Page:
Dear Lifehacker, I have heaps of ideas for projects and things I want to do, but they’re all halfway there, only partially fleshed out, or just inspiration with no real plan behind them. How can I sort them all out and actually get started instead of just thinking up great things? Sincerely, The Idea Guy
Dear Idea Guy,
It’s been said that an idea without execution is worthless, but don’t feel bad about that. You’ve got great ideas, which is a wonderful thing. Now we just have to help you take the next step and get organised so you can bring them into reality. It’s not that hard to do. Once you start getting your ideas out of your head and into a format that lets you be free to think, you’ll be able to come back to them and work on them at any time.
Build an Idea Bank
Since you have plenty of ideas floating around your head, the first thing you’ll want to do is start an “idea bank” for them. The first step in making those ideas real is to get them out of your head and into something you can look at when you’re in the mood to work, not just brainstorm. Doing this instantly relieves that “there’s too much going on in my head” frustration. I’ve mentioned before that I use Wunderkit for this, but Wunderkit is on the way out (to be replaced by a new version of Wunderlist), but there are plenty of other tools to help you keep and organise your ideas:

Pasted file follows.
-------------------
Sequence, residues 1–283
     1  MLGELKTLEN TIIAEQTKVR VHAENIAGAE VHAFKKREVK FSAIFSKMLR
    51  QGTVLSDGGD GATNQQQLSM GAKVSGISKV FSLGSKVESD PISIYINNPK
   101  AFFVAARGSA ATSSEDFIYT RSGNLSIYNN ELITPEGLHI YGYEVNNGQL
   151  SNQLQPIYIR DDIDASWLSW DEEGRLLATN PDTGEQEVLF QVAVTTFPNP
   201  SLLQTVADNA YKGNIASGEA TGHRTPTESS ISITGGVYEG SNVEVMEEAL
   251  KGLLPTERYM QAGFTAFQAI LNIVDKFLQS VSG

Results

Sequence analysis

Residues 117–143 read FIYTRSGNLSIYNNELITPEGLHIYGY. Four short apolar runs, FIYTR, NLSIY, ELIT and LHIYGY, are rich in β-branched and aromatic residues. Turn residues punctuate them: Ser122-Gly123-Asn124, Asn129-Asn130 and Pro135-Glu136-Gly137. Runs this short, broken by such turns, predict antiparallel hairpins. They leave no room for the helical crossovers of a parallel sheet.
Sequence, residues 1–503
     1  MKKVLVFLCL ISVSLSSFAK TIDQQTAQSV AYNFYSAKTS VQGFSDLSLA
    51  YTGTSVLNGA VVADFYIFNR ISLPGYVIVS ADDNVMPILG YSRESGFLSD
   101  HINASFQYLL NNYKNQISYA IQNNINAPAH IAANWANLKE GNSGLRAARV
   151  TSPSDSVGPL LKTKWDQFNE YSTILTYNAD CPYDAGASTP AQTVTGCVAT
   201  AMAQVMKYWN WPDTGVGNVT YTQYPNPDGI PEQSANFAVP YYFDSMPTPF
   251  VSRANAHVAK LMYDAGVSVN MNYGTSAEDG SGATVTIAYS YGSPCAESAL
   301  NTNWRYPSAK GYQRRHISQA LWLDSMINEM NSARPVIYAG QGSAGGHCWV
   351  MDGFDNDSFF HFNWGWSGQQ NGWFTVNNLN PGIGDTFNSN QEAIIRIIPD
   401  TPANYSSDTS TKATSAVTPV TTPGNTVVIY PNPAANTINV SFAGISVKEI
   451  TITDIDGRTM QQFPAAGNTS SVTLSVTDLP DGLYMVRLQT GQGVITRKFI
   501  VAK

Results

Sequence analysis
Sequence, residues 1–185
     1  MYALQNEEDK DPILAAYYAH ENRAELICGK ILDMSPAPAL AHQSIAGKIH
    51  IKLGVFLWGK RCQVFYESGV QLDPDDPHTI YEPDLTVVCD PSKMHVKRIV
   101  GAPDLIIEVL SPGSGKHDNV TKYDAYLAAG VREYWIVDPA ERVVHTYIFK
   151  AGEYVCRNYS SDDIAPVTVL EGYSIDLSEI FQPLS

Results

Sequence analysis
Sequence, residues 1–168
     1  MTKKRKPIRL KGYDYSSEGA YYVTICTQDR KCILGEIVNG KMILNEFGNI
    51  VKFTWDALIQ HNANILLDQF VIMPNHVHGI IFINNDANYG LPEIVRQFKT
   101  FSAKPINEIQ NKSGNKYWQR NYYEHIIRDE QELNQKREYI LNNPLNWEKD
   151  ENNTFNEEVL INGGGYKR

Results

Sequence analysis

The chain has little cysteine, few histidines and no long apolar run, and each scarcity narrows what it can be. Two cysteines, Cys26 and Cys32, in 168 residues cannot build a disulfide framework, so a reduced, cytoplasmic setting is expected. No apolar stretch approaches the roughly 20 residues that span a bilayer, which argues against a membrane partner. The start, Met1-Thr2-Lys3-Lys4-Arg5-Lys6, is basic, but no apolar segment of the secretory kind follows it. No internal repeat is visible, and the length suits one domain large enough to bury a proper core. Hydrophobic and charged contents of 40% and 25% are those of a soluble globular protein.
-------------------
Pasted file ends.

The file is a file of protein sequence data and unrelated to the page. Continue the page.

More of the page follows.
- For the visual: Evernote and Springpad both do a great job of making your ideas visual, fun to read and easy to organise, and available on the web and your mobile devices.
- For the text-oriented: ResophNotes, our favorite note-taking app for Windows and Notational Velocity, our pick for the Mac all sync your text notes to the cloud and make them available on multiple systems.
- For the web-inclined: Wunderlist, Trello, and previously mentioned Asana are all great tools for not just tracking your ideas, but what you do with them and when. If you need to collaborate with others, they all allow you to, but it’s not necessary.
Whatever tool you use, even if it’s good old pen and paper (which we know many of you still prefer), make sure it’s something you feel comfortable using and will turn to as soon as inspiration strikes. Get those ideas out of your head and into the bank so you can make a withdrawal when you need to. Keeping those sparks of genius in your head only guarantees you’ll eventually forget them, and you’ll be frustrated when you do.
Flesh Out Your Ideas
Once you have your ideas in a format you can draw from, your next step is to add meat to their bones. You may have a genius idea, but it takes more than that to make an idea reality. Start brainstorming and ask yourself “How can I make this real? What tools will I need, and how much time will it take? When can I set aside time to work on this?”
If you have trouble organising your idea into a step-by-step or sequenced list of to-dos, you might consider mind mapping, a technique for organising your thoughts and brainstorming that we’ve mentioned before. We even have some suggestions if you need a good mind mapping application to try.